Zack -- I am guessing the low food content of the water column and the absence of light makes very large eyes, or no eyes, a favoured solution (eyes can still pick up bioluminescence), luring prey with long dangly bits gives added weirdness, and huge snapping jaws with very long teeth maximize prey capture and retention. Because there is a mainly "sit and wait and pounce" strategy for carnivourous fish down there they need not be very hydrodynamic, or even have much of a body, so they can have huge heads and proportionally small bodies.This adds up to grotesqueness.

All that, plus with no light they don't need to look cuddly in order to get laid.

This ugly! page has a lot of information.
posted by Rumple at 1:21 PM on May 29, 2006


Shmegegge wrote: ...any photographs of what they saw down there?

I haven't found any online bottom images from the January 23, 1960 dive, but there are photographs in the article Man's Deepest Dive in the August 1960 National Geographic and in Jacques Piccard's 1961 book, Seven Miles Down [listed halfway down the page]. There are some online shots taken by the lost Japanese ROV Kaiko, but all they show are abyssal mud flats.

Although it has no bottom images, the site History of the Bathyscaph Trieste has many additional photographs, detailed histories, and personal accounts of the U.S. Navy's Trieste programs.

Rumple wrote: ...the sphere was designed for 36,000 feet and they took it down to 35,800. Ballsy

According to Don Walsh's article, Going the Last Seven Miles, Krupp Steel Works built the Trieste's pressure sphere (5" thick with a conical plexiglass viewing port) to go to 50,000 feet—a water pressure of over ten tons per square inch. The 1992 Invention & Technology article To the Bottom of the Sea describes Auguste Piccard's pressure tests in the late 1930's:
...He proceeded to carry out experiments, including testing a model of the thick-walled cabin at a pressure of 1,600 atmospheres, corresponding to a depth of ten miles. He also wrestled with the problem of portholes. The thick slabs of quartz Barton used had been brittle and barely adequate even at depths of less than a mile. Piccard thought of using glass shaped like a cone with a truncated peak opening outward within the steel; he would look through the narrow flat surface and gain a wide field of view, while the outside pressure would force the glass firmly against a seal and prevent leaks. High-pressure tests showed that even with this new design ordinary glass would crack. But in 1938 Piccard learned of a new material, Plexiglas. It had both strength and resilience and could withstand high pressures without cracking.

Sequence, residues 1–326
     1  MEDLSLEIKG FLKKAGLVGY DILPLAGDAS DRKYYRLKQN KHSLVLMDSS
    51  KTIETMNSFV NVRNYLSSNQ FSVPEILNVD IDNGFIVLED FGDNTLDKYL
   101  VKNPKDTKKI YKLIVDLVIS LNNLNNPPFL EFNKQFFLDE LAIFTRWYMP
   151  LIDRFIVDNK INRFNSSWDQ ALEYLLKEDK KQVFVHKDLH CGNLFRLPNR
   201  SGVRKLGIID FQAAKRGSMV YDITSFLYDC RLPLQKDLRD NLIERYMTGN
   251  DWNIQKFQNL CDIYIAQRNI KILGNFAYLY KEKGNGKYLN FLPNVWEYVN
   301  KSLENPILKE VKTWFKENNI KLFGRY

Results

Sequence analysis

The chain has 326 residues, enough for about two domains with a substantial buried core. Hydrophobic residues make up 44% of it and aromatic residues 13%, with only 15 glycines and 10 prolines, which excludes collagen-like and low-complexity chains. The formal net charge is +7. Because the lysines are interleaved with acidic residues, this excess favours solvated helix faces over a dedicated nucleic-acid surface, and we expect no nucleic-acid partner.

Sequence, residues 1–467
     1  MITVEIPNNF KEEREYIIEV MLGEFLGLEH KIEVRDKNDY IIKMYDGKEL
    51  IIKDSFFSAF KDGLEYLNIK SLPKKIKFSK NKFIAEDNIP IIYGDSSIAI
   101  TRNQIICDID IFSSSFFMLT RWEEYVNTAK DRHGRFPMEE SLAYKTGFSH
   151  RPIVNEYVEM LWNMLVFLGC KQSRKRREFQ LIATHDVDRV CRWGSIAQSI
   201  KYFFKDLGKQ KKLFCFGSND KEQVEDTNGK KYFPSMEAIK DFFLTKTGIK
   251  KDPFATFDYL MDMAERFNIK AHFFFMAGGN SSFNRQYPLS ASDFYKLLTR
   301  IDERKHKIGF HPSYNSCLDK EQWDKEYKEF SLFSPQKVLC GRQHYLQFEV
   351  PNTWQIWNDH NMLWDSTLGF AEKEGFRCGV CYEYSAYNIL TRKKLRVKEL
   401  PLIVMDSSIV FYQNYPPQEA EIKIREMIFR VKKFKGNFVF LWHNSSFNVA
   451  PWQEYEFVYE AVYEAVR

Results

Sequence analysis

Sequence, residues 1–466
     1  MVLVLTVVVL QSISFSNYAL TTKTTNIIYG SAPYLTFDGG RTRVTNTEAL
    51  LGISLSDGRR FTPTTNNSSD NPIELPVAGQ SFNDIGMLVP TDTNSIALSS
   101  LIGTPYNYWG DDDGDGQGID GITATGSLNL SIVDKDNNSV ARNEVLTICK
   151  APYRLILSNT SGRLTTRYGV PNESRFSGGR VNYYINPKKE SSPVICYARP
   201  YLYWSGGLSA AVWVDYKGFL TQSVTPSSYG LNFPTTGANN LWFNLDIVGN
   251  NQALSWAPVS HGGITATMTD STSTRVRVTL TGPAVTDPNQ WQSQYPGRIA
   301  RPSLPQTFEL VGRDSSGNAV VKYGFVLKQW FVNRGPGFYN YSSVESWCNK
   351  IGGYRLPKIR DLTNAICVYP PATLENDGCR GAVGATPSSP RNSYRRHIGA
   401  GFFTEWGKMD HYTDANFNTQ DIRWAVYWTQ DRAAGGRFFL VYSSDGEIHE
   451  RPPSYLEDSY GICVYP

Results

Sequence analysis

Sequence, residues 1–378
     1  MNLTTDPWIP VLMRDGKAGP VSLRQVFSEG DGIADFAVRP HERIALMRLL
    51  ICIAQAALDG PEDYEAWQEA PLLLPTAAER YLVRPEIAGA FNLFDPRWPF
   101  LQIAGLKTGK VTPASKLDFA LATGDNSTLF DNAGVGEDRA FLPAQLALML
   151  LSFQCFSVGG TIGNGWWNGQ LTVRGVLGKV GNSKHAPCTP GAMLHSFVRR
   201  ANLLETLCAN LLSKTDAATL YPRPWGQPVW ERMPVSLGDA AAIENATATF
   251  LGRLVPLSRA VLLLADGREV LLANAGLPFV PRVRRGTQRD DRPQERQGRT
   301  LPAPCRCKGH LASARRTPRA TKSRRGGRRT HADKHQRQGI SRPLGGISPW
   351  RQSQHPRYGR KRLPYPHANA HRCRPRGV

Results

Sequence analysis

At the very idea of descending into such a deep black sea, I think everyone's gonads might shrink a little...
posted by cenoxo at 1:42 PM on May 29, 2006


Thanks Cenoxo. This site gives the 36,000 foot figure but yours sounds more authoratative.

Re: plexiglass, from the BJS article: At 30,000 ft. a sharp crack rang through the ship, shaking it violently. The water pressure outside wasmore than 6 tons per sqare inch., and even a slight fracture in the hull would have meant certain death. It proved to be only an outer Plexiglas windowpane which had splintered under the pressure. The inner hull remained watertight. "A pretty hairy, experience," admitted Walsh. Yeah, hairy.

Funny you mention the shrunken styrofoam cups. My dad went down in submersibles tons of times and we had a lot of those mementos around the house. I have some now from my own dive. But the funny bit is my sister won a fairly prestigious art prize partially on the basis of replicating those cups in a pressure tank, which the public found rather baffling.
posted by Rumple at 2:25 PM on May 29, 2006


Entirely cool post
posted by Smedleyman at 11:11 AM on May 30, 2006


seriously, right? i've been watching this thread for days just because of the supplemental links peole have been adding, to make no mention of the initial radularity (it's a word, haters) of the post itself.
posted by shmegegge at 12:34 PM on May 30, 2006


Rumple, if you don't mind sharing the details, what submersible did you dive in? And what did your Dad do?

When I was a boy, I got an officer-guided tour of an active duty (but docked) U.S. submarine. Had a look-see through the periscope, too!
posted by cenoxo at 6:36 PM on May 30, 2006


Arcturus is 36 light-years away. That's 216 trillion miles. And even with the "photons to spare" musings etc it is still one of those "by chance not design moments."

Stranger still if we look at it from the Buddha's point of view. He has a teaching called "The Law Of Interdependent Co-Arising" which means that all things do not exist separately from allother things and are interconnected. We neeed one thing to be there so tha the other can be there too. I have to be in my room in Barcelona at the moment with this rain outside today and my OJ on the foor beside me as I write this comment. In short "this is beacause that is"and "that is because this is".

So looking at this in relation to Arcturus. We it arise with all the other stars that give it it its defintion and place. The couds, the quality of the sky on earth, my eyesight, the contingent factor that these elements all come together in this moment to produce the perception etc. I wonder what would happen if we could find away to run numbers on that where we would be? Anyway I enjoyed the topic.
posted by bernardrudden at 12:13 AM on May 31, 2006


Cenoxo -- it was this one -- one driver, two passengers. Lie on your belly on a padded bench with electronic gear packed all around you, and you and your mate stick your head into a half dome plexiglass port, which gives you 180 degree view. The pilot sits behind you. Communication with the surface is just like in the movies, a really tinny voice "AQ, AQ, topside...." and every so often there is a loud PING as the mothership sonar ranging picks us up. Awesome experience. I got pictures at the office, tomorrow I'll try to load some into flickr.

My dad was a marine biologist (retired, but not really) and went down in the PISCES, an earlier model of this one. He studied corals and also vertical migration in plankton in the fjords of the BC coast.
posted by Rumple at 12:30 AM on May 31, 2006


When I was in Woods Hole (at the Marine Biological Laboratory) I totally took for granted the fact that Alvin was right down the street.

I have a lot of those shrunken styrofoam cups too (and one shrunken styrofoam head), but I wasn't deep down with them. They went down with our CTDs.
posted by nekton at 12:27 PM on June 1, 2006